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22.09.17

BMA finds ‘chronic shortage’ of doctors across key medical specialities

Patient safety is at risk due to a “chronic shortage” of doctors across a number of areas of medicine, the BMA has today warned.

Figures obtained by the organisation through Freedom of Information requests showed that shockingly, training places in three out of four medical specialties in England went unfilled last year, with many specialities seeing staff shortfalls continue to worsen year on year.

They also revealed that the number of applications to UK medical schools had decreased for the third year in a row, which represents a 13% drop since 2013.

Applications to the foundation programme, the first year of doctors’ training following medical, were also spiralling, with the number of applicants to courses hitting its lowest-ever level in 2016.

Areas of medicine where vacancies were felt the most were in psychiatry, genitourinary medicine (GUM) and emergency medicine.

Fill rates were found to vary across the country. In the north, east and West Midlands, vacancies were found to be particularly high, while fill rates were higher in London and the south.

The BMA suggested that this decline was potentially due to higher tuition fees as well as rising workloads, dwindling morale and the extremely unpopular pay cap for public sector workers.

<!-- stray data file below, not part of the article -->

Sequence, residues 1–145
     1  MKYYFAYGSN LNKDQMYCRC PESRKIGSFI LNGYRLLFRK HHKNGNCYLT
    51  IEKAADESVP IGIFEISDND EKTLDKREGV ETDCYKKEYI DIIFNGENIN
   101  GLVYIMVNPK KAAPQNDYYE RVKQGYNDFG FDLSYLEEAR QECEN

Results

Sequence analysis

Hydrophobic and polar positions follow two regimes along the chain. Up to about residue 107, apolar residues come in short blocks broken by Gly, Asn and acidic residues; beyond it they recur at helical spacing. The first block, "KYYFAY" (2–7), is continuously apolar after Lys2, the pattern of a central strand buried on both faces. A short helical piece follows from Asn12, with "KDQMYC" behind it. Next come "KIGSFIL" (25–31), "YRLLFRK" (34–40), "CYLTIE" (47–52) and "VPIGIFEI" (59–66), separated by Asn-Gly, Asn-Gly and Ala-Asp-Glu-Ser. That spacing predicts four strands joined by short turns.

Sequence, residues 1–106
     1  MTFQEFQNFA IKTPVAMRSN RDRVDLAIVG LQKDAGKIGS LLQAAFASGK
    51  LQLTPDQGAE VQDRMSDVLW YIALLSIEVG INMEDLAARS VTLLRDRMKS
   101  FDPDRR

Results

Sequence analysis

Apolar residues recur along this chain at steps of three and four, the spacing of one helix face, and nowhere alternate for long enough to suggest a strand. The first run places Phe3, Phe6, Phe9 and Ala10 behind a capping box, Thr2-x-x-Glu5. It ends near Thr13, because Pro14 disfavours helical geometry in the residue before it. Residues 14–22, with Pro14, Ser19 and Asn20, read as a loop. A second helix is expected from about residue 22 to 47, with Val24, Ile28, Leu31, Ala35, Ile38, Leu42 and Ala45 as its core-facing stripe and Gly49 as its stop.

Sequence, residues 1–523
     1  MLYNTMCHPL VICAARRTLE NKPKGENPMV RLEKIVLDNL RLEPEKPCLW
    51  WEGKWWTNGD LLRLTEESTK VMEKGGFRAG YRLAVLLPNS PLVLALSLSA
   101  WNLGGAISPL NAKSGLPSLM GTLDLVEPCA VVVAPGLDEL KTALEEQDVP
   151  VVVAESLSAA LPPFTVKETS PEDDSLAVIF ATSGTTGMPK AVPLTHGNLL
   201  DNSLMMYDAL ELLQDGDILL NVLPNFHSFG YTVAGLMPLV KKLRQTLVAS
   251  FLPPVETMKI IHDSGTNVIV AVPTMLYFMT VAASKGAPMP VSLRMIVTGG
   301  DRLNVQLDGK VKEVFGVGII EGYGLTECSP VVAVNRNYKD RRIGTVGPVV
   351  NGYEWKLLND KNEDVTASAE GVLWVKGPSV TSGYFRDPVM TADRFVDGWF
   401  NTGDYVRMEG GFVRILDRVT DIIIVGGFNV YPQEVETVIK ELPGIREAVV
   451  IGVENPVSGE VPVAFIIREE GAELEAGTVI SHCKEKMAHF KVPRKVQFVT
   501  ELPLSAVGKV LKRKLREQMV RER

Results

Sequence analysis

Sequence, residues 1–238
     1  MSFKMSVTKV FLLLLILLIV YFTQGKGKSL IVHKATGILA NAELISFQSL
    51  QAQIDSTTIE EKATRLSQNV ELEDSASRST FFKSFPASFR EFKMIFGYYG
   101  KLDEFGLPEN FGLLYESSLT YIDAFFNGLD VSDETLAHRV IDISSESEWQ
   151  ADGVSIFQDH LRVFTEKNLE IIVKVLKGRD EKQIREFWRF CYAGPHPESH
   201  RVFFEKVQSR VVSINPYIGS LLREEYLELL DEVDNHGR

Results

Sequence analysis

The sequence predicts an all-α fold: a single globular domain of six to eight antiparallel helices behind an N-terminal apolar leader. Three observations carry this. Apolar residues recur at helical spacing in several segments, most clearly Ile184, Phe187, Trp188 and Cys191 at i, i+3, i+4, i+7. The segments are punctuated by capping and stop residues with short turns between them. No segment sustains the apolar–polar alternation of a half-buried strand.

“It is deeply concerning that we are seeing a drop off at each stage of doctors’ training, we have to ask why some, who have spent many years training to become a doctor, are deciding not to continue in the profession,” said Dr Chaand Nagpaul, BMA council chair.

“We know that many doctors are struggling with unsustainable workloads in an NHS that is understaffed and chronically underfunded. This has a huge impact on their morale and wellbeing, often leading to stress and burnout.”

Dr Nagpaul also argued that Brexit posed a new risk, with almost half of EU doctors considering leaving the health service following the referendum result.

“With the NHS at breaking point, if the government doesn’t get to grips with this workforce crisis, the NHS will struggle to attract and retain highly trained staff, and patient care will suffer as a result,” he continued.

“Ignoring this staffing crisis creates to a vicious circle, compound existing problems, adding to pressure on existing staff making them more likely to leave.”

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